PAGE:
that Christ yield his declaration, or our conclusion is true.
"Fourthly, the mass should be read in Latin to the Latins, in French to the French, and in German to the Germans. For there can be no doubt but that Christ used a language at the supper with his disciples that could be understood by all of them. And likewise when the mass is celebrated, it is ridiculous to recite Latin words to a German who knows nothing of the Latin language. What else is this than to hide the Lord whom we ought to proclaim? Paul wishes so to speak in the Church as to be understood by all, and he would rather speak five words with the understanding than thousands in an unknown tongue (I Cor. xiv., 19).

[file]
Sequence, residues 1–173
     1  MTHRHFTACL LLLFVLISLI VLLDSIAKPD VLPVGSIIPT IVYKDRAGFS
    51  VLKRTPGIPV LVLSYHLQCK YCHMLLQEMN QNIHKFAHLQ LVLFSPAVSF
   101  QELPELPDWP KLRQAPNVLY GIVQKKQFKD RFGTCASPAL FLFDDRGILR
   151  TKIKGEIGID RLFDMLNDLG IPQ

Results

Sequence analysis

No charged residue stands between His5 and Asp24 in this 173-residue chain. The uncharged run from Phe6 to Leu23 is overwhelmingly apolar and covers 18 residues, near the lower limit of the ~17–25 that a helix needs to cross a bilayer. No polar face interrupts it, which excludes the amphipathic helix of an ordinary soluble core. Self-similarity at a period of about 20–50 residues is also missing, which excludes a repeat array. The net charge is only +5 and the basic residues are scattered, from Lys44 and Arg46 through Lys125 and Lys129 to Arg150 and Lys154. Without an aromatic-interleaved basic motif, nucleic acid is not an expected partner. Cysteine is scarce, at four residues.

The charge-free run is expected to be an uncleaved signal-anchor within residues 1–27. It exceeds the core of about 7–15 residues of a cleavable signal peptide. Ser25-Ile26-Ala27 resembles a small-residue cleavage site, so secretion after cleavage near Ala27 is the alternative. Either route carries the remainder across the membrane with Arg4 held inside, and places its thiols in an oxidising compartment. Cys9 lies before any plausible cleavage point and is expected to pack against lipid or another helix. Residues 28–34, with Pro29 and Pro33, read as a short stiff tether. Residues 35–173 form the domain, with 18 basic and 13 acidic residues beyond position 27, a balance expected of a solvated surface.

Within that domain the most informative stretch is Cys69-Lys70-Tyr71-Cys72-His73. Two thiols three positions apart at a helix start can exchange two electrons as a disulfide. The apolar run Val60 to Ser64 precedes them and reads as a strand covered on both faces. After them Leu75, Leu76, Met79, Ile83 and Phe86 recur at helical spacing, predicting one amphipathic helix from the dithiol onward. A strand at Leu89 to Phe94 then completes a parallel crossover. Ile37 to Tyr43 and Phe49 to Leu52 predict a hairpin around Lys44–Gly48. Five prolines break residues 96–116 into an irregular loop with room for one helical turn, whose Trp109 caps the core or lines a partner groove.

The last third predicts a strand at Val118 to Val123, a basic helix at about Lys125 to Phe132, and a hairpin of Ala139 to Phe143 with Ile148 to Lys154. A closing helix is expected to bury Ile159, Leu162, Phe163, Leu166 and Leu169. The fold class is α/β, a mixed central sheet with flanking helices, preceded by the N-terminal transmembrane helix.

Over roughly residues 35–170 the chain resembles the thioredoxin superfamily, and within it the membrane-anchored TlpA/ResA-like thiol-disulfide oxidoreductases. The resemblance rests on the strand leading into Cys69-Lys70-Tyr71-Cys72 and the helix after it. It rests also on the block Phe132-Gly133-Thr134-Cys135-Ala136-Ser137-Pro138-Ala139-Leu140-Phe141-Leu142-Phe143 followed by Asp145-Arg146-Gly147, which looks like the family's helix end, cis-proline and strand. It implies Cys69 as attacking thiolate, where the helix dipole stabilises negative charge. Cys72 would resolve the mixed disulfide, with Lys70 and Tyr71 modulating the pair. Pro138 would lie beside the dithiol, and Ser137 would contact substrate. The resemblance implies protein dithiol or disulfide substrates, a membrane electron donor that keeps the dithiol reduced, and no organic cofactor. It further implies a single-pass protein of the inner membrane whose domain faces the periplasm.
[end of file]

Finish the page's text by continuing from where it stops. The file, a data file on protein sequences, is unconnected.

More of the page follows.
"Fifthly, he who undertakes to celebrate mass truly ought to feed not only himself, but also others hungering and thirsting in spirit, and that under both kinds. Christ taught this by both word and deed (Matt, xxvi., 27). Whoever therefore shall teach otherwise and administer otherwise, insolently violates Christ's Testament. This even an angel from heaven has no right to do, still less a man (Gal. i., 8).
"These, brethren, are my opinions concerning images and the mass, which I have learned from the Holy Scriptures. But if there is any error in them, I pray and beseech you, by Jesus Christ our only Saviour, and the day of his last judgment, to condescend to set me right through the Holy Scriptures in a fraternal and Christian manner. I can err, for I am a man, but I cannot be a heretic, for I am willing to be taught better by anybody. And if any one will teach me better, I acknowledge that I shall owe him great thanks; I will confess the error, and in accordance with the decision of the divine word I will